At the beginning of this year, the International Swaps and Derivatives Association, Inc. (“ISDA”) announced the publication of the 2006 ISDA Definitions (the “2006 Definitions”), to be used in the documentation of interest rate and currency exchange transactions. The 2006 Definitions are intended to update and replace the terms and provisions set forth in the 2000 ISDA Definitions (the “2000 Definitions”).1 New features in the 2006 Definitions include (i) eliminating the separate annex of rate options, (ii) amending and adding interest rate and currency options, (iii) amending and adding day count fraction definitions, and (iv) adding markto- market currency swap provisions and swaption straddle provisions. These and other changes are summarized under the attached “Overview of 2006 Definition Changes.”
On July 16, 2007, ISDA announced that the market remains on course for a “go live” date of July 30, 2007. This date was agreed to by ISDA’s Operations Interest Rate Products Working Group and was their target date for making the relevant systems and platform changes necessary to implement the new definitions. To date, many market participants have not chosen to document their interest rate and currency swap transactions using the 2006 Definitions and it is likely that many market participants will not be prepared to adopt the new definitions on the “go live” date. Such a delay in the implementation of new ISDA documentation, including updated versions of its various definitions, is not unusual as market participants take time to understand the documentation and evaluate its impact on existing, as well as future transactions.
Notwithstanding the foregoing, market participants should consider migration to the new definitions. We have recently seen a growing number of transactions and new ISDA Master Agreements incorporate the 2006 Definitions and it is likely this trend will continue following the “go live” date. It is inevitable that these definitions will eventually supersede the 2000 Definitions, if for no other reason than ISDA will no longer update the 2000 Definitions to reflect new reference rate sources, interest rates or currencies. While individual changes in the 2006 Definitions might not be dramatically significant to most market participants’ transactions, the aggregate impact could be significant since the definitions relate to transactions that make up the vast majority of the $500 trillion derivatives market and their implementation will require changes to the systems that calculate, track and process derivatives payments.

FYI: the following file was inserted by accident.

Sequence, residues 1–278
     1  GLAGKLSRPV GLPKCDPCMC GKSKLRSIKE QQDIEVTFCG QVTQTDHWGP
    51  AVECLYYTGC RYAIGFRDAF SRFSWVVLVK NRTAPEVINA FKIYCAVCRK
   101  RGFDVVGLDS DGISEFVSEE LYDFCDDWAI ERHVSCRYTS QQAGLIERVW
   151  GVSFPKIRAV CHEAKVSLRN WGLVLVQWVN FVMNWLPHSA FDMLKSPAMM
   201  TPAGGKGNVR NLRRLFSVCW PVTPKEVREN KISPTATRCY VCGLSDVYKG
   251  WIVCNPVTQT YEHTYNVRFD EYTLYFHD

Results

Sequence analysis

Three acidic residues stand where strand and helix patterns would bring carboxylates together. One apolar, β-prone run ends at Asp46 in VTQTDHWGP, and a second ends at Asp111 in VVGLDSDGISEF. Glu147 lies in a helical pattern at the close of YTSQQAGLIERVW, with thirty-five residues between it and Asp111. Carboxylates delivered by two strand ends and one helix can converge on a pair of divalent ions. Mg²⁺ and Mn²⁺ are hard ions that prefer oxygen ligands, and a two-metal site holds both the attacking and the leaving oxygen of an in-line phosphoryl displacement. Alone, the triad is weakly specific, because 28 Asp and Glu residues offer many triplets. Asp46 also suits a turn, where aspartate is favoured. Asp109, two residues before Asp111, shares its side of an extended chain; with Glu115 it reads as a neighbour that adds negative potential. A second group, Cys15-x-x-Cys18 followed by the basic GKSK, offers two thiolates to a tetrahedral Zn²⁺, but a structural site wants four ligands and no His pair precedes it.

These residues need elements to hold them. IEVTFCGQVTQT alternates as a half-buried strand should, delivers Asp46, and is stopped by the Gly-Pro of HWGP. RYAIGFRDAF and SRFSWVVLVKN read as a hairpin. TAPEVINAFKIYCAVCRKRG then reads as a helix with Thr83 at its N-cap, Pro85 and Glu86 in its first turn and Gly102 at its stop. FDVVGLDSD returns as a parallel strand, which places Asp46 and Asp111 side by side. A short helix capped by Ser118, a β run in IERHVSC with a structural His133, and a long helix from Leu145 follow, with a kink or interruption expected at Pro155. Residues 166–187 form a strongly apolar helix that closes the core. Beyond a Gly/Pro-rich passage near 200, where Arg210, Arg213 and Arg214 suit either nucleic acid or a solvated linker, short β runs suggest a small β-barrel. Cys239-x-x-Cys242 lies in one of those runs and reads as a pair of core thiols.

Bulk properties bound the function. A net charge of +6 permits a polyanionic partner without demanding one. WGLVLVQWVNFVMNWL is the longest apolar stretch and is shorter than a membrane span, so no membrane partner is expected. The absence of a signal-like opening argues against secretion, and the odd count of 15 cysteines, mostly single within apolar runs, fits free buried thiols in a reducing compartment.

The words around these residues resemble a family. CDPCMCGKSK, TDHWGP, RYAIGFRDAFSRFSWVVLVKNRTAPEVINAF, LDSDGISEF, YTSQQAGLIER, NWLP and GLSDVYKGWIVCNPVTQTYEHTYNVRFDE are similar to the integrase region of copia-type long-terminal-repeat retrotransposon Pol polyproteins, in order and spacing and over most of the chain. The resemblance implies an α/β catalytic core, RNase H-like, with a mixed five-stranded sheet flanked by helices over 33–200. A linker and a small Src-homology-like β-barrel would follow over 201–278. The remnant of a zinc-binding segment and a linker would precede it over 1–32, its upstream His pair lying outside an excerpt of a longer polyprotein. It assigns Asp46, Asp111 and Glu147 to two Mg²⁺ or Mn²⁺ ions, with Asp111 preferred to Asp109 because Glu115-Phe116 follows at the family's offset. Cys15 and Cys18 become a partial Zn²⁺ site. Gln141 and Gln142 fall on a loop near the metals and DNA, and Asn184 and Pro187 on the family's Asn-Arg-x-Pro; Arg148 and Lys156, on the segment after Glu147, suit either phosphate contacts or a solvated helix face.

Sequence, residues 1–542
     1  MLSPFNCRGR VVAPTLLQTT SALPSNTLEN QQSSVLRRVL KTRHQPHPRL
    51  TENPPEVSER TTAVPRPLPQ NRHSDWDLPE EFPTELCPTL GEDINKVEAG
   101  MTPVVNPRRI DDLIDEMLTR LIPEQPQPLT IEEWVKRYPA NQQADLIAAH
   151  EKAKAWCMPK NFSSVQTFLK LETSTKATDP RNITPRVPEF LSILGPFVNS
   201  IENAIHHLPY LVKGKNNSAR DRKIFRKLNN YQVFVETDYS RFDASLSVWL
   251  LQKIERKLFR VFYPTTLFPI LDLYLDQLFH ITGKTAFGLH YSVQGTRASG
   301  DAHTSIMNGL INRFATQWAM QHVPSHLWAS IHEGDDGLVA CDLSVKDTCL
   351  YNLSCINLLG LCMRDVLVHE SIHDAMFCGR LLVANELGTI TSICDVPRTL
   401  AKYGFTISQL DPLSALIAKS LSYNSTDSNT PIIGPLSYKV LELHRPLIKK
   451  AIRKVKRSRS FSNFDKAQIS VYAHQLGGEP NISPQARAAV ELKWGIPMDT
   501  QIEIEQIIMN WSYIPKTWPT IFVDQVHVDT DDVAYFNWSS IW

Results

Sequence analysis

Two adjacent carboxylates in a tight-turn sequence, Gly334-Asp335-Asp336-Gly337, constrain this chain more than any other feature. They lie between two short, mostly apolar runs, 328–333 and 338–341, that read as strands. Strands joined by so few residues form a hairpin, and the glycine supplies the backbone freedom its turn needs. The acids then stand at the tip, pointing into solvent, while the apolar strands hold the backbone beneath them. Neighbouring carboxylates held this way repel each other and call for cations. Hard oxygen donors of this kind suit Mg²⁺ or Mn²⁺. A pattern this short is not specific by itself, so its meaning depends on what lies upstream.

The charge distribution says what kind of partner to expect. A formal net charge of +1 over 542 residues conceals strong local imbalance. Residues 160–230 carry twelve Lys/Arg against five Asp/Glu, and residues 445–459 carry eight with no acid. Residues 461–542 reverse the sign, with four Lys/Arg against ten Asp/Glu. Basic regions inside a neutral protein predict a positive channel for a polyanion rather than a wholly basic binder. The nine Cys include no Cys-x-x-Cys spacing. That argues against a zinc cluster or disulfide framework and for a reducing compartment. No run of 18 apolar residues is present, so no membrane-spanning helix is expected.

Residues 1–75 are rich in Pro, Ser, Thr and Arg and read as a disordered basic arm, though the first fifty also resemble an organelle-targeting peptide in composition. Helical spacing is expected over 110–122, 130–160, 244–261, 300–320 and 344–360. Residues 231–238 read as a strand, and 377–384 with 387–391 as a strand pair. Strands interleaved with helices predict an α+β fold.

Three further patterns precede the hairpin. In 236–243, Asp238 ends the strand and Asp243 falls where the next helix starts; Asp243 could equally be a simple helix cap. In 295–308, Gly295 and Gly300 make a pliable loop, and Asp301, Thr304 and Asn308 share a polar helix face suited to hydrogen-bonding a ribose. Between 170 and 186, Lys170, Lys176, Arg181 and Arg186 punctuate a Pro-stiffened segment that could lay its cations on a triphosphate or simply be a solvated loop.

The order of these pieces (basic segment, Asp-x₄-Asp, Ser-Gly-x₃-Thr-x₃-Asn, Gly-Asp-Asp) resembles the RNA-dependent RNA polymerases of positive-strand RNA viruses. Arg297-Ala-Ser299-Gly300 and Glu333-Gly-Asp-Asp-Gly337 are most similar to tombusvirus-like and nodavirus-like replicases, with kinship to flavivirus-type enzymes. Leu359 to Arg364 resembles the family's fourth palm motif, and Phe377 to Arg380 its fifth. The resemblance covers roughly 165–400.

Determining whether to incorporate the 2006 Definitions in Confirmations and ISDA Master Agreement Schedules may not be as difficult for future transactions because the 2006 Definitions merely update certain provisions of the 2000 Definitions and reflect what is now the market standard. Most of the 2000 Definitions remain unchanged. Documentation of this decision can either be made in the Confirmation relating to a particular transaction, in which case the 2006 Definitions should only apply to that specific transaction2 or in an amendment to the Schedule, in which case the new 2006 Definitions would apply to all transactions under the ISDA Master Agreement. The amendment could also specify that only transactions entered into after the effective date of the amendment will be governed by the 2006 Definitions. Under either approach, the parties must be satisfied that they have made appropriate adjustments to their systems for calculating, tracking and processing payments. In cases where transactions are entered into for the purpose of hedging another financial or physical transaction, it may also be necessary to determine if adjustments required to conform to the new 2006 Definitions can be made to the transaction being hedged.
Market participants should also be aware that unless limited in the Confirmation or Schedule, standard language used to incorporate a particular set of definitions may indicate that the definitions are incorporated as “amended and supplemented” through the date the Confirmation is entered into by the parties. If particular amendments or supplements are not to be included, the parties must make this clear in the Schedule or Confirmation. We note there is an argument that Confirmations or Schedules incorporating the 2000 Definitions with language to the effect of “as amended, supplemented or superseded” allows a party to take the position that the 2006 Definitions, as an amendment or supplement to the 2000 Definitions, would apply to transactions effected since the new definitions were published, even if the parties have not expressly decided to use the new definitions.